HILL-MARTIN CORPORATION v. AllingAnnotate this Case
407 A.2d 168 (1979)
HILL-MARTIN CORPORATION v. Francis W. ALLING, II.
Supreme Court of Vermont.
September 17, 1979.
Abare, Donaghy & Nicholls, P. C., Barre, for plaintiff.
Pierson, Affolter & Wadhams, Burlington, for defendant.
Before BARNEY, C. J., and DALEY, LARROW, BILLINGS and HILL, JJ.
In a civil action tried to a jury the plaintiff sought to recover a balance due upon a promissory note that it claimed was signed by the defendant in his individual capacity. The defendant denied the claim made against him and introduced evidence tending to show that he executed the instrument as a representative of Alling Construction *169 Company, Inc. The jury found in favor of the defendant. Following entry of the verdict the plaintiff moved to set aside the verdict and for entry of judgment notwithstanding the verdict claiming that the verdict was unsupported by the evidence and was erroneous as a matter of law. The motion was denied.
The plaintiff's appeal seeks in effect the relief prayed for in the motion for judgment notwithstanding the verdict. It may be noted that at no time did the plaintiff move for a new trial. The record reveals that the plaintiff did not move for a directed verdict before the case was submitted to the jury. By failing to move for a directed verdict at any time during trial, plaintiff cannot raise on appeal as a question of law the sufficiency of the evidence, and it was even precluded from moving for judgment notwithstanding the verdict. Merrill v. Reville, 135 Vt. 517, 380 A.2d 96 (1977). The issue of sufficiency of the evidence to support the verdict remains unpresented to the trial court and is therefore not preserved for appellate review. Houghton v. Leinwohl, 135 Vt. 380, 376 A.2d 733 (1977); Palmisano v. Townsend, 136 Vt. 372, 392 A.2d 393 (1978).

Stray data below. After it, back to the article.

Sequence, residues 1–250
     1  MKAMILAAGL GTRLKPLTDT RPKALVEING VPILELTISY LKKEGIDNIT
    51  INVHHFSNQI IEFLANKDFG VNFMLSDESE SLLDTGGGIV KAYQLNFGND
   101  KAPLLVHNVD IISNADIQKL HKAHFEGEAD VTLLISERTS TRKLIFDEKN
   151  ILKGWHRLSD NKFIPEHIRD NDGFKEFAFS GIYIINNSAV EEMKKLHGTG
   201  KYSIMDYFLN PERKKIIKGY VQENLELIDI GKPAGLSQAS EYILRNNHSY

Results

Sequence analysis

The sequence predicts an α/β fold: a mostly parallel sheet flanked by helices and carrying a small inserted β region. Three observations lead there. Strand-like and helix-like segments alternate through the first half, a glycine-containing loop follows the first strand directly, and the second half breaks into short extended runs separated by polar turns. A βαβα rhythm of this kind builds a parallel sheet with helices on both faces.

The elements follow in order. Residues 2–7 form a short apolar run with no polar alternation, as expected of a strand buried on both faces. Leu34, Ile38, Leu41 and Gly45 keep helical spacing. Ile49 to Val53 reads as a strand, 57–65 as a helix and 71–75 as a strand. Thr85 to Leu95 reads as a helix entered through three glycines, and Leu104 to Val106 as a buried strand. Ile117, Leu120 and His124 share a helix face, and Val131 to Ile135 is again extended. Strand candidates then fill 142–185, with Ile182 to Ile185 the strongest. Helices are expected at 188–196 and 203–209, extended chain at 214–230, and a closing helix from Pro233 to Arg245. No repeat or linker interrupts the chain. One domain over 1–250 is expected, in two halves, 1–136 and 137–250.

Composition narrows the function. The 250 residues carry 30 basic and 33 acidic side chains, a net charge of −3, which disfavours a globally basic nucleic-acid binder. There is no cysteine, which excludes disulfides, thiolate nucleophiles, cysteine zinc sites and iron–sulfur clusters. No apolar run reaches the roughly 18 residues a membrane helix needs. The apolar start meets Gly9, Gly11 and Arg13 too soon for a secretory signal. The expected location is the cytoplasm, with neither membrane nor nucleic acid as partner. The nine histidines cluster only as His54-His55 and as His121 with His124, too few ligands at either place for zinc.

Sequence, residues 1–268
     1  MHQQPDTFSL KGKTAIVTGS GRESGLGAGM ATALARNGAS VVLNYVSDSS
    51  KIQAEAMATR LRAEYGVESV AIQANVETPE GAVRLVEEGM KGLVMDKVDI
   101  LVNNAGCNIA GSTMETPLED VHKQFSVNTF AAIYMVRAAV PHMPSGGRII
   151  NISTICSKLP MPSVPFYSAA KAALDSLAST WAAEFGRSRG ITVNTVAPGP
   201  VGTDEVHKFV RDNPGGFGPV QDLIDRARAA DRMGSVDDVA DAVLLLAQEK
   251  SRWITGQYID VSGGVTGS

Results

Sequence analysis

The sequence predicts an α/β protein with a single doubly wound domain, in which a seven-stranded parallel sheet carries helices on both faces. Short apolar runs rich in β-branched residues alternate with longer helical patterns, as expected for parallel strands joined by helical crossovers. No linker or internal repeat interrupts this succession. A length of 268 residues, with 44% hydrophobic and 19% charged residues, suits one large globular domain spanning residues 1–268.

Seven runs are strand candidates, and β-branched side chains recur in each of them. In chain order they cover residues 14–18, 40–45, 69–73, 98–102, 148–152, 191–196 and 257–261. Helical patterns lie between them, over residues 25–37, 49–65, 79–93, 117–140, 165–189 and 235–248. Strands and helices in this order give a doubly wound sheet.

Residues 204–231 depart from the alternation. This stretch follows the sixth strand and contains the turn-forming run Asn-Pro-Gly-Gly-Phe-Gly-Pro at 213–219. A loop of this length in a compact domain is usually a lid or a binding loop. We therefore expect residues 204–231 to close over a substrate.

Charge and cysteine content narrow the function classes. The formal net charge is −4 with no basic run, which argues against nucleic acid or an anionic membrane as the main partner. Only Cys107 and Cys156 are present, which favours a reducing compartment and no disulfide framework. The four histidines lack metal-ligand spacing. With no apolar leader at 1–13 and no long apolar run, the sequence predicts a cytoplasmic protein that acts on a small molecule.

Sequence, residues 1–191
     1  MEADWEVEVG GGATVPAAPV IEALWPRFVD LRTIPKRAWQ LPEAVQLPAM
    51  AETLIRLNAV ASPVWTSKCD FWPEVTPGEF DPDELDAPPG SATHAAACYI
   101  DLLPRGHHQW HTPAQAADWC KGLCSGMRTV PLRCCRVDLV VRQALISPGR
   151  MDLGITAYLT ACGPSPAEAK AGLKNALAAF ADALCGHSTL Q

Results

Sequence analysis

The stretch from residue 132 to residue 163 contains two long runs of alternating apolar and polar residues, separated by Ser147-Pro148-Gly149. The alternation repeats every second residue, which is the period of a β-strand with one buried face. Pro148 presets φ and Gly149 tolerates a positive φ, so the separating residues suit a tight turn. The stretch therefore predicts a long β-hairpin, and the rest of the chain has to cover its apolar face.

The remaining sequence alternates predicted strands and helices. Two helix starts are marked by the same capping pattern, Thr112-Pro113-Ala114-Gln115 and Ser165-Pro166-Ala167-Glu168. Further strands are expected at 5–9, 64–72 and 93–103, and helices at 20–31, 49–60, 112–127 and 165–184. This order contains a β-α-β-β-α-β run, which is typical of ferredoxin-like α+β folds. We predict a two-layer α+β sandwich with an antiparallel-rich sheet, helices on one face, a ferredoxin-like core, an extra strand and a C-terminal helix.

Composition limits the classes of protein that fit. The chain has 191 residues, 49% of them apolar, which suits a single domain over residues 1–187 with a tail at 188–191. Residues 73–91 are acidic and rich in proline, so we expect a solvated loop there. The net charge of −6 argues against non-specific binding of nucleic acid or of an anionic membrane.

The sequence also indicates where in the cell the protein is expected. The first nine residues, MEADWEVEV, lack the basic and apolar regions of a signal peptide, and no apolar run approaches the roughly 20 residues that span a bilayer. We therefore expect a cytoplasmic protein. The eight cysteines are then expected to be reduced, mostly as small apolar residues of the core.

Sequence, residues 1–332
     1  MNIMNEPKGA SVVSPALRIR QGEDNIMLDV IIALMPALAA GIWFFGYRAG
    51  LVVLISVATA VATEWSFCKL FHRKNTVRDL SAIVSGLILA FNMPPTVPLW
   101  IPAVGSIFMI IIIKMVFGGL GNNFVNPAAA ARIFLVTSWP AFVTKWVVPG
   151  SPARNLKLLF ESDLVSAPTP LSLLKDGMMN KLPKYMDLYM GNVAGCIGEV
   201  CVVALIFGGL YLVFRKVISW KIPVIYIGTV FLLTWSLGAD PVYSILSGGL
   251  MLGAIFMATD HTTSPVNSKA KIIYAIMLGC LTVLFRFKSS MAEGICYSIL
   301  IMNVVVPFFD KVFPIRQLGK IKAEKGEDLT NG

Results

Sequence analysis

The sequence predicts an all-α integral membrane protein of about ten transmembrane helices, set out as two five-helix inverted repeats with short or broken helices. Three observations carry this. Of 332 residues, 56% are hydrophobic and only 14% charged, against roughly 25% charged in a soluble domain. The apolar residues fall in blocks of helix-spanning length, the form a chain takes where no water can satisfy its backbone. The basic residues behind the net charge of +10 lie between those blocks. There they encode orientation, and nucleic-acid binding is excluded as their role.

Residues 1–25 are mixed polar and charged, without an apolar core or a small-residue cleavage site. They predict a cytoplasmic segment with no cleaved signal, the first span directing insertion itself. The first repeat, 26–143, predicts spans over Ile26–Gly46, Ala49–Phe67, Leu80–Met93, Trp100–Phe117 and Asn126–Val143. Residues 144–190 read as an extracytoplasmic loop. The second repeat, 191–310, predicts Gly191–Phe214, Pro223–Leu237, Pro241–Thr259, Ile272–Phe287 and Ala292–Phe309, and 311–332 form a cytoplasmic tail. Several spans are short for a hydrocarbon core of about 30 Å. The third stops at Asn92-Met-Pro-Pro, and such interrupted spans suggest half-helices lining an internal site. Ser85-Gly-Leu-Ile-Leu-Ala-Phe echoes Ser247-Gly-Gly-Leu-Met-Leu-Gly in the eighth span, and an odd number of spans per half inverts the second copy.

In its brief the plaintiff contends that the trial court erred in instructing the jury to determine whether the defendant "intended to sign the note solely as a representative or agent or officer of the corporation." At most plaintiff's brief merely repeats its objection to the charge without the aid of argument or supporting authorities and presents no question for review. Sullivan v. Demas, 124 Vt. 397, 205 A.2d 818 (1964). This is insufficient briefing under V.R.A.P. 28(a)(4). We do not search the record for error not adequately briefed. Quazzo v. Quazzo, 136 Vt. 107, 111, 386 A.2d 638 (1978).